Centre for Nephrology
The Continental Centre for Kidney Diseases is a comprehensive department that offers services in all facets of Nephrology. This integrated centre, headed by some of the most skilled nephrologists treats the whole range of rare as well as common renal disorders through medical and surgical procedures. The centre also presents convenient options of hemodialysis and peritoneal dialysis expertly carried out under sterile and comfortable environments. The team of medical experts at Continental Hospitals has extensively trained under internationally renowned nephrologists, and has vast experience of working in international as well as national set-ups. Modern technology is applied in every diagnostic and surgical procedure, resulting in enhanced recovery times, superior clinical outcomes and accurate diagnosis.
Team of doctors in this department:
Technology at Centre for Nephrology
Facilities at Centre for Nephrology
The Continental Centre for Kidney Diseases & Renal Transplant covers most rare and common conditions of renal health through a combination of innovative and traditional treatment methods. Some of the conditions treated here are:
HemodialysisHaemodialysis is a procedure where a machine fitted with a dialyzer filters blood and removes wastes and excess fluids from the body. Dialysis helps to control blood pressure and maintain the body's proper balance of essential elements. Continental Hospitals features a state of the art 30 bedded Hemodialsys Unit, equipped with Fresenius Hemodialysis machines. Our Hemodialysis Unit has been designed keeping in mind the special needs of patients afflicted with Chronic Kidney Disease. The dialysis procedures are carried out by qualified and competent technicians along with trained nurses, who are under the direct guidance of our Nephrologists. Our strict infection policy ensures that all staff and equipment is constantly monitored for strict adherence. Our dialysers are reprocessed through Renatron, and dialyser tubings are never reused. For patients diagnosed with Hepatitis B & C, we offer dialysis in isolated areas. Our top most priority is to ensure all our patients have a relaxed and comfortable dialysis experience, in a safe and sterile environment.
Continuous Renal Replacement Therapy:CRRT is a dialysis method which is used to treat critically ill, hospitalized patients under Intensive Care Unit, who develop acute kidney injury (AKI). Acute Kidney Disease, unlike chronic kidney disease, which often develops in hospitalized patients who are recuperating in the ICU. Typically, AKI occurs for a period of few hours and can extend upto a few days as well. The benefit of CRRT for patients under Intensive Care is that it effectively removes excess fluid in hypotensive patients, while hemodialysis is frequently limited by a further reduction in blood pressure in this setting.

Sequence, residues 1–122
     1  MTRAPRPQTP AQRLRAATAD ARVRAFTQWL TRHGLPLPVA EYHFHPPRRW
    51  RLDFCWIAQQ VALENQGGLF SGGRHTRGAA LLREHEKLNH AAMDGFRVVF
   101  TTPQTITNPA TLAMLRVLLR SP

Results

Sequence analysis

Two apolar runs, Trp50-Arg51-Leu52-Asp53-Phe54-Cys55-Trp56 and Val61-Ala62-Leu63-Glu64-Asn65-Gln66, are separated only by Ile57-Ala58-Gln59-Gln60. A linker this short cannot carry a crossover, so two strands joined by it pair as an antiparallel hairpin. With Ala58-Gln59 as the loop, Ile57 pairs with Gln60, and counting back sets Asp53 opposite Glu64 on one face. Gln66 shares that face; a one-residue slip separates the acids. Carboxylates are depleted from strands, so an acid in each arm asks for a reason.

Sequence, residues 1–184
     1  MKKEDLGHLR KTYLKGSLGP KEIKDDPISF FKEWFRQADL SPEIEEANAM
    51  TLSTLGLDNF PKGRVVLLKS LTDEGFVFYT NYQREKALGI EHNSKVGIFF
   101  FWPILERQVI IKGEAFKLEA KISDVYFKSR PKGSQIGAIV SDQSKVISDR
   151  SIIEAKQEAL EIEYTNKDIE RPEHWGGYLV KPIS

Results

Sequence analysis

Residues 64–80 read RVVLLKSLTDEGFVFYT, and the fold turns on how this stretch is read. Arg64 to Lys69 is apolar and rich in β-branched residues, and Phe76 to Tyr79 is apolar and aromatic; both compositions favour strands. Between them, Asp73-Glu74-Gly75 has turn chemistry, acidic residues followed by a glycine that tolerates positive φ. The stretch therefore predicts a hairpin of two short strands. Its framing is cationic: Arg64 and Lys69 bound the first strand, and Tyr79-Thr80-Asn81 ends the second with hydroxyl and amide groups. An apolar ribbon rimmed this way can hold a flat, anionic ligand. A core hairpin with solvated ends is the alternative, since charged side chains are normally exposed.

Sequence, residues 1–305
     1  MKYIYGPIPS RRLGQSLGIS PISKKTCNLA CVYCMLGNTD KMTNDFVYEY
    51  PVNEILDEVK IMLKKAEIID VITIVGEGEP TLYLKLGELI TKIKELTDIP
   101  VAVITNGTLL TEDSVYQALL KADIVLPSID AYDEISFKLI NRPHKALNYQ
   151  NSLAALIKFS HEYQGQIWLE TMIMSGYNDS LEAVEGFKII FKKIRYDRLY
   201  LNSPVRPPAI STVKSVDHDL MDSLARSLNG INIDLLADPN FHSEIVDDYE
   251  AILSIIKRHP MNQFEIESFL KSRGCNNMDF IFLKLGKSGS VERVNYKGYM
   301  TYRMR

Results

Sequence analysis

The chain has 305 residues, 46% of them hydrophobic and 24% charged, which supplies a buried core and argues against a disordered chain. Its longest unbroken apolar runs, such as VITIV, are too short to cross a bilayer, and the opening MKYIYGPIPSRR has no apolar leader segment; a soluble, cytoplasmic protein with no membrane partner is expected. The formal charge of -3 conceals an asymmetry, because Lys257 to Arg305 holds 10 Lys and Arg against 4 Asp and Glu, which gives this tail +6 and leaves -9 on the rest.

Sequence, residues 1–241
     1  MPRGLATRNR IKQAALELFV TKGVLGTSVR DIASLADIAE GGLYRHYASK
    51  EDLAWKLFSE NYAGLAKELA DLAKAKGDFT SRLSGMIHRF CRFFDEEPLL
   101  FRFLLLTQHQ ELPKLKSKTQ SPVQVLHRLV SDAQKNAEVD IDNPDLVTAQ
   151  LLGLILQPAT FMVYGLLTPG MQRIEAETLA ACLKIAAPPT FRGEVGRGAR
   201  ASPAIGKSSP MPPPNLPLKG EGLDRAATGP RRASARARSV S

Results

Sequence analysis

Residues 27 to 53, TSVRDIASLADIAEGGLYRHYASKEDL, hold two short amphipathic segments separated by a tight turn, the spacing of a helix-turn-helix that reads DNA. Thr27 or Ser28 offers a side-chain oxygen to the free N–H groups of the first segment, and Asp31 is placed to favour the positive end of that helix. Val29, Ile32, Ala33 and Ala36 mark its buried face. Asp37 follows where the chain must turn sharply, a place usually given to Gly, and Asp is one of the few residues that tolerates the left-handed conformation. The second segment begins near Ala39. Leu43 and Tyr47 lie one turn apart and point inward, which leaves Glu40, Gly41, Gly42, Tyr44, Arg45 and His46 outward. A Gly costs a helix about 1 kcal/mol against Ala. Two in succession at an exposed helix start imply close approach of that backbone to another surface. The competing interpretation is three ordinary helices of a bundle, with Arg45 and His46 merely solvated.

Prolonged Intermittent Renal Replacement Therapy
Peritoneal Dialysis:Peritoneal dialysis (PD) is a dialysis option for patients with kidney failure. Similar in hemodialysis, in that it cleans the blood of impurities, it does not use an artificial kidney or dialyzer. PD occurs inside the body using the peritoneal membrane as a filter. The membrane surrounds your intestines, bowel and other organs. It has many holes that can be used to strain waste products and other chemicals from your blood. Continuous Ambulatory Peritoneal Dialysis is the most common type of PD. It can be done in any place that's clean and well lit. This type of self-dialysis is done 7 days a week. Four to five exchanges of new solution are done each day. During an exchange, which takes about 30 minutes, the solution that was inside the peritoneal cavity is drained and new solution is instilled. The new solution remains in the cavity for 4 to 6 hours this is called the dwell time. Continuous Cycling Peritoneal Dialysis (CCPD), also known as Automated Peritoneal Dialysis (APD), is done at home with a machine called a cycler. This is done at night while you sleep, for 8 to 10 hours, 7 days a week. The machine controls the cycles: draining the solution, re-filling the solution and monitoring the dwell time. In the morning, clean dialysate is left in the peritoneal cavity after you disconnect from the machine